The donor/host interface is a significant factor in determining the final visual acuity after EK. Poor BCVA results after DLEK are probably due to an irregular host interface resulting from a manual dissection. Such an interface causes irregular light ray transmission and therefore can degrade optical quality. This suboptimal final BCVA after DLEK has previously been reported by Terry and Ousley.9 Descemet's stripping provides a smooth recipient refractive surface, as well as reducing the chance of interface haze (by minimising stromal trauma) and hence may overcome this problem.

The technique of dissection of donor tissue also has a bearing on the BCVA. A smoother donor surface should result in better visual outcomes by virtue of a regular refracting surface. Manual dissection of donor tissue, while effective, cannot provide the smoothest refracting surface. The stromal trauma sustained can result in stromal reaction and haze as well. An automated microkeratome or femtosecond laser dissected donor should overcome these disadvantages. This point was supported by Price and Price, who found that the use of the microkeratome accelerated visual recovery compared with manually dissected tissue.13 While 79% of the microkeratome group achieved a BCVA of 20/40, only 69% of the hand dissected group managed this level. In addition, as eye bank pre-cut donor tissue becomes popular, it is good to know that a randomised control trial found that such tissue provided similar visual outcomes to, and compared well with, surgeon-dissected tissue for DSAEK.14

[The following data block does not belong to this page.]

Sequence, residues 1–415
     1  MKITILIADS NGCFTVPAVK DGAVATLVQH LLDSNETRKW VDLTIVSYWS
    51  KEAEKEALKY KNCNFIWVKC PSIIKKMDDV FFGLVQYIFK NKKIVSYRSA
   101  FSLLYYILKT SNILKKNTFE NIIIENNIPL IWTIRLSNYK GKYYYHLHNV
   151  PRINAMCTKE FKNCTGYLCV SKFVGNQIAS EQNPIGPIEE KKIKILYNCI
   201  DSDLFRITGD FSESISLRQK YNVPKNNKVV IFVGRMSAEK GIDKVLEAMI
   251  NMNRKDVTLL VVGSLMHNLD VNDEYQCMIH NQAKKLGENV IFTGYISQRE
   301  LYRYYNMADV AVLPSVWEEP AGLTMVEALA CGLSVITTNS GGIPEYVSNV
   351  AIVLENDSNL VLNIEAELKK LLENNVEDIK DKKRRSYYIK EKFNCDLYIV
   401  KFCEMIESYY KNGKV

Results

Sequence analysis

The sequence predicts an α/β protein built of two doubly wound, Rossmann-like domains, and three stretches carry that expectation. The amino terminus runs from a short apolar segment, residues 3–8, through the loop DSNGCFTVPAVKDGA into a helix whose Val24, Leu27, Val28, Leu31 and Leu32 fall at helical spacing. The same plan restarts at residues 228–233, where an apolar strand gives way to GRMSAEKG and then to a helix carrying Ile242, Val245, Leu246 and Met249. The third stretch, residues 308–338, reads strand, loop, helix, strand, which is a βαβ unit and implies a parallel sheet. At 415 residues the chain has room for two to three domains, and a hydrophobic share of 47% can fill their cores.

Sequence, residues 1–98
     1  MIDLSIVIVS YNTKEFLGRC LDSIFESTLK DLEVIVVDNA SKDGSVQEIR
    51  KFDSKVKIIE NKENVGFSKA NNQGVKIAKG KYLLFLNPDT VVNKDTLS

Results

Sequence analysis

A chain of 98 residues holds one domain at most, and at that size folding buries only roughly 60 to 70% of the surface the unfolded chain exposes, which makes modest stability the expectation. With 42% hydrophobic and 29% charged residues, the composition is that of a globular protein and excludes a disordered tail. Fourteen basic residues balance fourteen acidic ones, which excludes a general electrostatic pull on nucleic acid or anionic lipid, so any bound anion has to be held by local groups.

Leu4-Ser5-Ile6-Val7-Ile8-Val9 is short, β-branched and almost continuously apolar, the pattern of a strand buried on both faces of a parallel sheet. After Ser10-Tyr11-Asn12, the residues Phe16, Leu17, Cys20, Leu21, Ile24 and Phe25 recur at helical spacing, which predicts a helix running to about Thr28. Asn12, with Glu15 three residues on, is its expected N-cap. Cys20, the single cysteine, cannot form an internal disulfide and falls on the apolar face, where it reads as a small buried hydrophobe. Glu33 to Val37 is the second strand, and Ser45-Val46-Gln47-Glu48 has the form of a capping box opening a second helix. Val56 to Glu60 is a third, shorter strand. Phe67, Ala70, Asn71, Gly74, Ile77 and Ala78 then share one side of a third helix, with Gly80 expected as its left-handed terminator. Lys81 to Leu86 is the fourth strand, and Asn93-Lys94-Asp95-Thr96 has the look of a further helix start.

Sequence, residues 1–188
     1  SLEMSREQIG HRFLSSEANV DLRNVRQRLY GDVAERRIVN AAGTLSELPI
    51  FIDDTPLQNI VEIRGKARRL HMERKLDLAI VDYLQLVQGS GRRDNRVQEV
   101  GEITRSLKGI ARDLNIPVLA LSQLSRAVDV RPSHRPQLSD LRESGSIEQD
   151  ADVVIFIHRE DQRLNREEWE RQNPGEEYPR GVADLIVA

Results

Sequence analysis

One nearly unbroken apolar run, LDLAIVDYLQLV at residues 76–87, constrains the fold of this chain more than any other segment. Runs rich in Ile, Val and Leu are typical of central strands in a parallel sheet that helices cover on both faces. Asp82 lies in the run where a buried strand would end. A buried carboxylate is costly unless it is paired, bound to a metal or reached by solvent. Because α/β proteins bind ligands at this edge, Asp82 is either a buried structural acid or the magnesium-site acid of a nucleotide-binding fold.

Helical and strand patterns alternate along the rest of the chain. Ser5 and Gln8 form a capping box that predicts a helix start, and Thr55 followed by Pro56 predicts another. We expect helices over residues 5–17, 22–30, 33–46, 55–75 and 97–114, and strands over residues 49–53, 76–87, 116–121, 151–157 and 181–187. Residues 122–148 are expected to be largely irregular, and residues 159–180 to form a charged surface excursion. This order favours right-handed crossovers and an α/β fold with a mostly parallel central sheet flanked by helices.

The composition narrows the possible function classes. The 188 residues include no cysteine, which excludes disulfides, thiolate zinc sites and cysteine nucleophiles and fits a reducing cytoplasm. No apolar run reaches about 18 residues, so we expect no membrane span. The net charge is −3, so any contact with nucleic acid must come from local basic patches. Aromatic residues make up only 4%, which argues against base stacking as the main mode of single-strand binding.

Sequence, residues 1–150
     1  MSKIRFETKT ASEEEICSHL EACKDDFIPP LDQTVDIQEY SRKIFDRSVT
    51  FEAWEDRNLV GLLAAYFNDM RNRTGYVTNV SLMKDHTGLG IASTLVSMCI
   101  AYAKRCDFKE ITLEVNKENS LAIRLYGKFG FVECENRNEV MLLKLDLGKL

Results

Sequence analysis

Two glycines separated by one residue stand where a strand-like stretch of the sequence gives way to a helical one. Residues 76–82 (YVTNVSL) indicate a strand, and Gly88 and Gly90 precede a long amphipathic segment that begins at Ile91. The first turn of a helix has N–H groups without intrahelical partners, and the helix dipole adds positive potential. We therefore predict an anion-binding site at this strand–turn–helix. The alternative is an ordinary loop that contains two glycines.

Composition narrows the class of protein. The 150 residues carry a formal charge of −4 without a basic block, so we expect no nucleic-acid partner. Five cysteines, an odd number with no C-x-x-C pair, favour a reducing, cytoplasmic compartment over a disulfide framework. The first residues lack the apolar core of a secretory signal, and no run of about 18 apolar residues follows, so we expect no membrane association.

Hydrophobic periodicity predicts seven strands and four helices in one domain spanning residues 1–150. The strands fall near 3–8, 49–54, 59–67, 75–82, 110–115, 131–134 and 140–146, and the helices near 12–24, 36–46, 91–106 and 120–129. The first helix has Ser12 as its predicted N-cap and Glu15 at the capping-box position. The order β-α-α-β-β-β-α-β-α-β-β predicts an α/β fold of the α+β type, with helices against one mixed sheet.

Timing of surgery is also likely to influence the visual outcome. Hecker et al found a 54–63% reduction in keratocytes in the anterior stroma in Fuchs endothelial dystrophy that required keratoplasty.15 This is probably to lead to permanent structural changes of the corneal stroma. Hence cases of longstanding bullous keratopathy may not achieve their full BCVA potential. Terry, drawing on experience from 450 cases of EK, suggests that light scatter from the irregular anterior surface in longstanding cases of oedema is a factor leading to reduction in BCVA.16 In addition, he also observed that better preoperative BCVA resulted in better postoperative BCVA after EK. Interestingly, younger host age has been found to correlate with better BCVA after DSEK—both Terry and Price observed this relationship in their series.16 17